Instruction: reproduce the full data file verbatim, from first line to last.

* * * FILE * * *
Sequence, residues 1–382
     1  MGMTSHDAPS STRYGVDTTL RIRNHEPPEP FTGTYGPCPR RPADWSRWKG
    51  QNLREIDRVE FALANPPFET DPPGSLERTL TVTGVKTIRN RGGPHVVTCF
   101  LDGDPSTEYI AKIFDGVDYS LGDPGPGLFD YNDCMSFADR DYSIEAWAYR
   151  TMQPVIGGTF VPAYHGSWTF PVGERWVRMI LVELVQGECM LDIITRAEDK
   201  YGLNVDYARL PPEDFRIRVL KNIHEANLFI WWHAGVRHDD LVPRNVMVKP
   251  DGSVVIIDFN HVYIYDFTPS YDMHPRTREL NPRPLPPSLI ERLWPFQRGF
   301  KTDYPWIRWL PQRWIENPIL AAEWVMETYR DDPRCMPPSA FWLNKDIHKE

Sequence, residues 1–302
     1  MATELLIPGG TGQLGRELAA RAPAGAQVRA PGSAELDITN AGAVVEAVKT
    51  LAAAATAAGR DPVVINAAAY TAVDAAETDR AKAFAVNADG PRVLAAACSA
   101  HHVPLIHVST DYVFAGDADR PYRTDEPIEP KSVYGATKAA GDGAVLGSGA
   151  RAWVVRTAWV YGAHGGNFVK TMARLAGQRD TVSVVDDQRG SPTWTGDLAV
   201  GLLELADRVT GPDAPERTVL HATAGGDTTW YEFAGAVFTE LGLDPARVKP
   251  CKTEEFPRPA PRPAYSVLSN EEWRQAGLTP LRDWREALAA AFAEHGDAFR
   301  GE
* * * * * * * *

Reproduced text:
Sequence, residues 1–382
     1  MGMTSHDAPS STRYGVDTTL RIRNHEPPEP FTGTYGPCPR RPADWSRWKG
    51  QNLREIDRVE FALANPPFET DPPGSLERTL TVTGVKTIRN RGGPHVVTCF
   101  LDGDPSTEYI AKIFDGVDYS LGDPGPGLFD YNDCMSFADR DYSIEAWAYR
   151  TMQPVIGGTF VPAYHGSWTF PVGERWVRMI LVELVQGECM LDIITRAEDK
   201  YGLNVDYARL PPEDFRIRVL KNIHEANLFI WWHAGVRHDD LVPRNVMVKP
   251  DGSVVIIDFN HVYIYDFTPS YDMHPRTREL NPRPLPPSLI ERLWPFQRGF
   301  KTDYPWIRWL PQRWIENPIL AAEWVMETYR DDPRCMPPSA FWLNKDIHKE

Sequence, residues 1–302
     1  MATELLIPGG TGQLGRELAA RAPAGAQVRA PGSAELDITN AGAVVEAVKT
    51  LAAAATAAGR DPVVINAAAY TAVDAAETDR AKAFAVNADG PRVLAAACSA
   101  HHVPLIHVST DYVFAGDADR PYRTDEPIEP KSVYGATKAA GDGAVLGSGA
   151  RAWVVRTAWV YGAHGGNFVK TMARLAGQRD TVSVVDDQRG SPTWTGDLAV
   201  GLLELADRVT GPDAPERTVL HATAGGDTTW YEFAGAVFTE LGLDPARVKP
   251  CKTEEFPRPA PRPAYSVLSN EEWRQAGLTP LRDWREALAA AFAEHGDAFR
   301  GE